There is no dearth of dating apps in the dating sphere. You can meet someone exactly like you, who cares about the same things you do, with niche apps catering to every whim of an average person out there. Be it an unhealthy attraction to zombies (ewww!), or another cat lover, or a ‘beautiful’ person – although beauty is an immeasurable quality that is entirely subjective. Whatever be your passion, there is a dating app/site that helps you out. However, this ‘help’ is questionable, when it comes to women’s safety and online etiquette.
The moment a woman seems to be uninterested in a man, his claws come out – extra pointy. He starts abusing her in all kinds of vulgar language, sends her unwanted images of his private parts, or worse, cyber stalks her. To put an end to such disgusting behavior and positive menace, recently, there has been a surge of women-centric dating apps which have flooded the market. To this growing pile of female-centric apps, another app is added.
Two high school mates and Cambridge graduates Hatty Kingsley-Miller, 33, and Mo Saha, 34, have come up with Antidate, an antidote to the apps that are circling the current dating scene. Not just claiming to be women-centric, Antidate actually puts all the power in its female users’ hands.
How, you wonder? Antidate allows women to remain anonymous, without even so much as a peek for the men into their profiles, until the women initiate contact with them. This initiation of contact can be done via a ‘tap’ that shows that the woman is interested or the woman can start sending messages to the guy directly.
Apart from giving all the power to women, Antidate also puts the onus on the women to make the first move. This gives women the power to control their interaction with a guy as well as weed out unwanted and sometimes unwarranted advances from creepy guys. This app is perfect for men who are shy and who prefer that women make the first move.
One of the co-founder of Antidate, Hatty Kingsley-Miller, said,
“All the online-first sites felt dated to us. Mobile daters don’t have any non-mass-market, non-bland, progressive options. But we’ve set out to fix that. Antidate is not for everybody. But it does contain a number of features which we thing a young, confident, social audience will love.”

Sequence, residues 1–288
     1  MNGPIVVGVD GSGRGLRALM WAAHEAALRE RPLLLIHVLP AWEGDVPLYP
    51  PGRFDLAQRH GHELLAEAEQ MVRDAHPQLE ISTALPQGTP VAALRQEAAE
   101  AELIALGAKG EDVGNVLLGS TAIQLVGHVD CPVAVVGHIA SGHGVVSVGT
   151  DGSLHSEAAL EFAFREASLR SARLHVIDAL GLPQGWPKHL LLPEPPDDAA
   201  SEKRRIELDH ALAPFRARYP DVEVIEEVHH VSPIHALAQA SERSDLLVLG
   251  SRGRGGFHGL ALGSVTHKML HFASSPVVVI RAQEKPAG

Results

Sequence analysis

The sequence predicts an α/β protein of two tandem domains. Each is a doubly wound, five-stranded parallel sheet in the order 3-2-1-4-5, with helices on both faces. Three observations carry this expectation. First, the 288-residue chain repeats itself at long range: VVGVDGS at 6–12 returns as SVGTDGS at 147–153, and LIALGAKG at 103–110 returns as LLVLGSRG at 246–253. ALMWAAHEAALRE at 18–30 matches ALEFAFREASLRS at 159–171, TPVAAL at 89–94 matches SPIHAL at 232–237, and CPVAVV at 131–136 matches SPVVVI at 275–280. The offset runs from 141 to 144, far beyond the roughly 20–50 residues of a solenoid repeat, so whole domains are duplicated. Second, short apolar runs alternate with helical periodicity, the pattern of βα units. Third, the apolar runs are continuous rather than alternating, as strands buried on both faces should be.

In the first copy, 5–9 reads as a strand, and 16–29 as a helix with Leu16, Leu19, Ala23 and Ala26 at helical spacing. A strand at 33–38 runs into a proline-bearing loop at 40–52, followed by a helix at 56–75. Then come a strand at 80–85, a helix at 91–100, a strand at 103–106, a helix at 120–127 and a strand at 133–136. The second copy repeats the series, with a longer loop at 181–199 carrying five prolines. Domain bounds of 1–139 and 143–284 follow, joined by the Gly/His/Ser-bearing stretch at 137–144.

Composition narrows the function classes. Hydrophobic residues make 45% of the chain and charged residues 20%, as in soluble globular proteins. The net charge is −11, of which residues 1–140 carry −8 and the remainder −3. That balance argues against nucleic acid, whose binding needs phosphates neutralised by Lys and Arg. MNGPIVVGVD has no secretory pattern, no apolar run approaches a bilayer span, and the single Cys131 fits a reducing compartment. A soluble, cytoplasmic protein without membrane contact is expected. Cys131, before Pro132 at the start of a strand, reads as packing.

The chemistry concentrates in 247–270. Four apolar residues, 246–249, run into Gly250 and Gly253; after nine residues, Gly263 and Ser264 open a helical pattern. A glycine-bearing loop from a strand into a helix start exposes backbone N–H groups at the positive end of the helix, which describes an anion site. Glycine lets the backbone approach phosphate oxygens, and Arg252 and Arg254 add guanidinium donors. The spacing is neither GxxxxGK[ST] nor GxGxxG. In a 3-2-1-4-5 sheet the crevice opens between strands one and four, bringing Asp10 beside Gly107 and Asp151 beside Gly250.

Antidate’s unique one-way communication could be likened to a one-way looking glass.
“It’s the only app to have a truly asymmetric experience,” said Hatty. “Girls can see the guys on a map, but guys can’t see the girls at all unless they are approached via a ‘tap.’ This means that girls have to make the first move.”
Antidate hopes to tackle many of the complaints of dating apps currently doing the rounds.
“We have thought a lot about what irritates guys and girls about the current workings of the dating world and have set out to improve them,” said Hatty.
Further, she continued with,
“People post out-of-date pictures, just want to swipe or email but not to meet, or the profiles are entirely fake. You need to ‘kiss a lot of frogs’ and it ends up being exhausting. Antidate cuts all of that out. Honest profiles and an emphasis on real-world meet-ups. Minimal investment per frog.”
Talking about the one-way control that women users of the app enjoy, co-founder Mo Saha said,
“We started thinking about the concept of a two-way mirror: what if the girls could see the guys on a map, but the guys couldn’t see the girls until approached by a girl via a chat or ‘tap alert. The girls’ location would never be revealed.”
But this looking glass has certain restrictions too. To make sure that users provide their latest and accurate profile pictures, a user’s Antidate account is linked with his/her Instagram account. Plus, Antidate users also need to submit a time-stamped verified profile picture, making it even more authentic. Another tick in its good features checklist is the fact that all messages between connected users get deleted after 24 hours. So it cuts out the part where you agonize and overanalyze every text sent back and forth. Instead, you need to act and go meet that person already!
The app has been in development for the better part of last two years, and currently, its beta version is available on iTunes store. The friends and co-founders of the highly ambitious app have been testing it out on their friends. The duo work on the app around their respective day jobs in the advertising industry and law. The pair is also on the lookout for investors and hope to perfect the Android version as soon as the iOS version runs smoothly. They are also eyeing the LGBTQ community as a potential market, just as soon as they figure out the combinations and roles to be flipped that apply to non-hetero dating spheres.
Another point in its favor is that the app is not free. It charges £0.69 as its cover price. Mo Saha said that it was intentional.
“We reckon if people are prepared to pay for the app, they are going to be more serious about using it – so that was the real reason behind charging.”